They are definitely each and every one an 'Individual'...
The Pigeon whose spouse is sitting on Eggs or Babys, will roost close by where he or she can see the Nest place, and, in their way, also, stand watch or guard.
Bachlor or Bachlorette Pigeons tend to spend their night-times among their fellows, on ledges or other high places, usually ones they can see out from well, so, in effect, they prefer to be high and inaccessable, and not enclosed or 'in' anything, usually.
Probably Widowed or Widower Pigeons also spend their Night Roosts among the younger Bachlors and Bachlorettes.
Nests on the other hand, can be decided to be built in enclosed places which are very private and hidden and which have no view at all sometimes.
Pigeons who find a situation safe and secure, ay elect to build Nests in plain sight and on the floor or ground, believing they are safe and not in any dangers to do so.
Pigeon Babys know very well how to stay 'in' the peramiter of the Nest, and they make every effort to poop outside what they construe to be the defining boundary of the Nest proper.
"Pigeon Mix" of one kind or another...
Or, general purpose 'Wild Bird Seed', 'Canary Seed', 'Finch Seed'...
Kales, Endives, Cilantro, Carrot or Beet 'tops'...
Last edited by pdpbison; 2nd July 2008 at 05:08 AM.
I do find they seem or be instinctively drawn to recognise tiny 'round' things as possible 'food' even as very young Babys.
They are afterall, primarily Granivorous, though they also enjoy to eat tender small Leaves and shoots and small fruiting bodys of low or bitter Weeds and other plants and low 'Greens'.
City feral Pigeons can end up being exposed at an early age ( and or in the desperation of their immediate post-fledglinghood's exigencies to find food at all, once seperated from their parents by accident or by initial appearances of success at managing on their own, ) to unsuitable foods, and, sadly, they may not have access to better, and do not travel far enough to find and learn of better.
City feral Pigeons who find or insist on wholesome diets ( at least here in Las Vegas ) can live well into their teens or late teens or more possibly...while those who live on dumpster leavings or fast food discards in parking lots or parks or sidewalks, probably do not live more than a few years.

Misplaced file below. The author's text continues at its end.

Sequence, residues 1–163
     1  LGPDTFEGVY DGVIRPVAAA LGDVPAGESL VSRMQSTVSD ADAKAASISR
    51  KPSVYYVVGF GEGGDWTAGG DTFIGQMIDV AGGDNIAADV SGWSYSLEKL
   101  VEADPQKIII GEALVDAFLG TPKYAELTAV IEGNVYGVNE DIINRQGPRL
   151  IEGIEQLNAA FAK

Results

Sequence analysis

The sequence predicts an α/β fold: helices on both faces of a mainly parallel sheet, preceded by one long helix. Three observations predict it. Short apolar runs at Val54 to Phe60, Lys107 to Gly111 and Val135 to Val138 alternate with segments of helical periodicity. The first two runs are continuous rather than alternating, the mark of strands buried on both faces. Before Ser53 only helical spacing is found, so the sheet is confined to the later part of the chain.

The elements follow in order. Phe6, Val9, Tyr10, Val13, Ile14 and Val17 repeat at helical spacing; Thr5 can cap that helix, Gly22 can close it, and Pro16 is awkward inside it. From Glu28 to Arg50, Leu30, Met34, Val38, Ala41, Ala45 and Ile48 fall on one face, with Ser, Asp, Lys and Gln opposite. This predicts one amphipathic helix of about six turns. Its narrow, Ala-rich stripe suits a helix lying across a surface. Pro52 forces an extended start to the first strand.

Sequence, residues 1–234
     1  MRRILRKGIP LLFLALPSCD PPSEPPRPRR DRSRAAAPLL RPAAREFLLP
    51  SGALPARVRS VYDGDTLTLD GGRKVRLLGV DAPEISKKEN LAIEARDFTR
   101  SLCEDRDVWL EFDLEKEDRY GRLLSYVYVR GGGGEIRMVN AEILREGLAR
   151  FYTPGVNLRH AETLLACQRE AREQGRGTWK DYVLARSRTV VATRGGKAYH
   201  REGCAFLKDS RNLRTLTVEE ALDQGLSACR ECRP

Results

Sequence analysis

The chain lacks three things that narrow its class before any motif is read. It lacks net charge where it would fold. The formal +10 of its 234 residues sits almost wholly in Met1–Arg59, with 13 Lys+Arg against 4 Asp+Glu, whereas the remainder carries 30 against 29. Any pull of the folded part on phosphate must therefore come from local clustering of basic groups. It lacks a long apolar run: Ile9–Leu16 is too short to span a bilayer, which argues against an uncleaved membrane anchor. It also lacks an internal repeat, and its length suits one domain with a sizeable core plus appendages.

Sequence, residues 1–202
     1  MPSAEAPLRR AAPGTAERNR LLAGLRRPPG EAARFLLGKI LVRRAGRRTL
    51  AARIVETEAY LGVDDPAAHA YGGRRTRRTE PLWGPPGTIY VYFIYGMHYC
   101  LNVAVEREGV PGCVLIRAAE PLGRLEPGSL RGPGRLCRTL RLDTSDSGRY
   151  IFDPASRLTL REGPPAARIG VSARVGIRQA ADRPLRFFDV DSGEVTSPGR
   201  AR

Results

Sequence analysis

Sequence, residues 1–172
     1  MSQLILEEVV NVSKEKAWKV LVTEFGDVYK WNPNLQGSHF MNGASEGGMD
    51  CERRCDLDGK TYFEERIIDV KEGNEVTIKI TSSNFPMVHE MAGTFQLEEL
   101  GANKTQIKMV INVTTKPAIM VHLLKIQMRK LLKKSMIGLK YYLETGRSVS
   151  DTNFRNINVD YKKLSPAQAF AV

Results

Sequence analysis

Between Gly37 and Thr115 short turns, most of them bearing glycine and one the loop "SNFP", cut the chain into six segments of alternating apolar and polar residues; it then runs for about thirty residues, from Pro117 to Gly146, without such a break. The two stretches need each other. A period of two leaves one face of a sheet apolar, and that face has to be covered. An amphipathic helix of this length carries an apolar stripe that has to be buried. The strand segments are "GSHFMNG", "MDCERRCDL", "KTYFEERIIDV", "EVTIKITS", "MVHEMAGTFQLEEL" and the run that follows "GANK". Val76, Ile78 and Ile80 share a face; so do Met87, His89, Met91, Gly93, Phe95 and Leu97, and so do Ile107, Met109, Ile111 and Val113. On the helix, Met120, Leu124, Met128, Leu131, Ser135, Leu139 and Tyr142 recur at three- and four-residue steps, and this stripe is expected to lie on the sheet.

Seeing a Pigeon pecking at discarded Sandwhich parts, fried chicken, run-over-half-eaten-haburgers, french fries, or other fast food things, does not mean these are in any way suitable foods.
'Bread' is at best barely sufficient to forstall starvation, and has hardly a fraction of the Nutrition which any wholesome whole Seeds will have.
So, other than that they are disposed to recognise small, whole, 'round' or round-elongate 'Seeds' as 'Food', I myself do not know what all else configures into their process of reasoning or experiment to try things which are not along those lines, other than that they will eat fresh 'Greens or 'Green' ( on-the-stem of the Living Plant ) Seeds, also.
As a parting note...
I have seen acts of Chivalry among the ferals, where, for instance, a mature but Handicapped Hen I have, still in her 'prime', when out for her forays de-jur, is sometimes pestered by 'Playboys' wishing to take fleeting advantage of her vulnerability.
She does not like this, and shows her displeasure unambiguously, but sometimes 'cringes' and hugs the Ground, which unfortunately encourages the very attention she does not want.
Two times now, in only a few weeks, I have seen an older Male, and on another occasion, a Middle aged one, trot up fast and bite the offending 'Playboy' and drive him off, to then pause and regard the little Hen either solemly or critically, and, to then slowly walk back and return to their grazing.
Some Pigeon Fathers are so into being Fathers, they will gladly adopt orphan or lost Babys ( when logistically possible to do ) and raise them with their own Babys, whether the age is quite the same or not, doting on them even to greater extents than they do their own, even to where the Hen - his 'Wife' as it were - was obviously NOT approving ( and would not feed or preen the 'new' Baby or Youngster ) and or ( after a few prior rounds, finally ) refuses to go along with it in any way at all ( anymore )...and in one case I know, she ultimately divorced him over the issue and went off with someone else..!
Mature feral Pigeons are generally very able, tender, and devoted Parents, very careing and patient with their youngsters, and take great pleasure in raising their Young and in the fledgling times of calling to their youngsters to fly to progressively farther or to more challanging places with 'Poppa' as they learn to grow into their independance with the parent's oversight and support.
Siblings tend to hang out together for quite a while once independant of their parents, but then eventually ( might be months, ) seperate unto their respective lives and cease showing up and leaving together to forrage and graze.
Last edited by pdpbison; 2nd July 2008 at 05:11 AM.
Thanks, Phil. That must have taken a lot of of time, but I really appreciate it. It as extremely helpful in so many ways. There are a few things I need to change in what I have written already, and this eliminated the need for a nest building scene (I have been agonizing over writing that chapter for days now). And by having him and his brother just "hanging out" with other young single pigeons I can get into the main plot of the story much quicker.